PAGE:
The S & P 500 (SPX) closed at 2800 on 3/22/19. Unfortunately SPX is weakening at a faster pace than the Nasdaq 100 (NDX), which means that we may see at test of the 200-day moving average and the 2700-2750 support area before we can make better trading decisions about the long term.



The Nasdaq 100 Index tumbled along with the, but the decline is not really surprising. For one the index rallied in a big way on 3/22 and NDX closed above its upper Bollinger Band. That’s usually a sign that the market travelled too far and that a correction was likely. So for now, as painful as it will be to endure, the pull back is likely to remain in place until the 20-day moving average and the 7200 support levels are tested.

Trading in the New HFT Reality

Since HFT trading is legal, there is nothing anyone can do about it except to adjust. Indeed you have two choices, make the most of it or quit trading.

Here is the bottom line. Because algos are digitally precise and relentless, it’s important to expect wild market swings and to focus trading on key technical support and resistance levels such as the 20, 50, and 200 day moving averages when making long term buy, sell, and hold decisions.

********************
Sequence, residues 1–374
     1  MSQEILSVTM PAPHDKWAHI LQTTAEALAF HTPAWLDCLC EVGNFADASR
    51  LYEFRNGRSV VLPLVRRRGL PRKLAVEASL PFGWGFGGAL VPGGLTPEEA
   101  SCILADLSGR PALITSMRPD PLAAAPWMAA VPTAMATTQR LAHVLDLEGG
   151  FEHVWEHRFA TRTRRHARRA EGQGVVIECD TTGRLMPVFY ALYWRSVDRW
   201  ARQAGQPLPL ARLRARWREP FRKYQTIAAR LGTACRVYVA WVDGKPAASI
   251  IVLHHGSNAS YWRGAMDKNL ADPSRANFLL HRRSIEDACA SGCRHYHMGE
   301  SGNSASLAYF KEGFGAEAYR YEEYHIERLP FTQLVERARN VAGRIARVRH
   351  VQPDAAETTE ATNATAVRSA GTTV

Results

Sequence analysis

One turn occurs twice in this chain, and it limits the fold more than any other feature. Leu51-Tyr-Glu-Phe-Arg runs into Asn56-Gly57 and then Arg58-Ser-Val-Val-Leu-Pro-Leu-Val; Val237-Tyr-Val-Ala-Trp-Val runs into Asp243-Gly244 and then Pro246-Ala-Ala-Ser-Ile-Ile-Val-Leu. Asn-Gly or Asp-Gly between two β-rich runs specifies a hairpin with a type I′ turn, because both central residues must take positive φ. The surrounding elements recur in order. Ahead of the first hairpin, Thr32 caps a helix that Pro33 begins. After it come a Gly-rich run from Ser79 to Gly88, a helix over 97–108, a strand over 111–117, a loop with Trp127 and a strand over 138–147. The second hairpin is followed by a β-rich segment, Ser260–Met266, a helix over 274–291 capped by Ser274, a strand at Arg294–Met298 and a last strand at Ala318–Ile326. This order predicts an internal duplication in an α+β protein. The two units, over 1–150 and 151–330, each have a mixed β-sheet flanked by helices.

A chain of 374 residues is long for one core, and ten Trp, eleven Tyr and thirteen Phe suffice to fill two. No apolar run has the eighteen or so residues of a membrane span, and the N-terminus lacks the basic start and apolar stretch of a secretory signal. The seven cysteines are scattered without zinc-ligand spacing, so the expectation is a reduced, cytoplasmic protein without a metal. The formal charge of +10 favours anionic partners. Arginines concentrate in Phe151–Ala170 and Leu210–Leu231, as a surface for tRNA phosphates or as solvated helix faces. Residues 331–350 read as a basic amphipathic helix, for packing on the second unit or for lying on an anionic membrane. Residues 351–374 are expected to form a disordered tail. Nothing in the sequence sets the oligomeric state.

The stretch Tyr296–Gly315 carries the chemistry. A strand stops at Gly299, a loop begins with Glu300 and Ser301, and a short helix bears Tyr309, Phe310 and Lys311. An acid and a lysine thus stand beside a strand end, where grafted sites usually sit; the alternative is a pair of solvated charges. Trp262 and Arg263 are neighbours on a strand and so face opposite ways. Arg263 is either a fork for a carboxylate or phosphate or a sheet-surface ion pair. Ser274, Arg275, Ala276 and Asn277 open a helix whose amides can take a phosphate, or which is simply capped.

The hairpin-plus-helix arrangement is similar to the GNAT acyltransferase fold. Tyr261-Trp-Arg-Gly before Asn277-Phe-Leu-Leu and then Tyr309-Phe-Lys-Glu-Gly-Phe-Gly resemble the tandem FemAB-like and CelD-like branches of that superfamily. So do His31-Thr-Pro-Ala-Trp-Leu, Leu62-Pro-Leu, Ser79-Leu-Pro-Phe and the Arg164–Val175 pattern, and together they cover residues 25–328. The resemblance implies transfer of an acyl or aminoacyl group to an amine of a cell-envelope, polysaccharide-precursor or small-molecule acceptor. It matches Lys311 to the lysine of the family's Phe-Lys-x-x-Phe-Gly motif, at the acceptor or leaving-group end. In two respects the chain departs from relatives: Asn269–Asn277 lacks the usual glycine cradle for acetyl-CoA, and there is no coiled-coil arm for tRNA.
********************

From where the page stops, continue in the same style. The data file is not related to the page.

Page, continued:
In this market, focusing on the New York Stock Exchange Advance Decline line as a macro trend indicator and managing each individual stock or ETF position separately from others is a good place to start portfolio decision making. Furthermore, by using options as a hedge you could buy yourself more decision making time.

No matter what, because individual investors can’t act as rapidly as HFT traders, it is likely that portfolio swings in your portfolio and mine, to the up and the down side, will be larger than we were used to in the past. As a result, a successful trading day in this market may be one in which you still have some money left in your account. But don’t fret too much. Tomorrow there will be more headlines.

And here is just a bit of cold comfort to dwell on. While the Fed naps Algos never sleep. The flip side is when the Fed finally caves in and eases, the algos will read the headline and buy stocks like there is no tomorrow.

Joe Duarte has been an active trader and widely recognized stock market analyst since 1987. He is author of Trading Options for Dummies, rated a TOP Options Book for 2018 by Benzinga.com - now in its third edition, The Everything Investing in your 20s and 30s and six other trading books.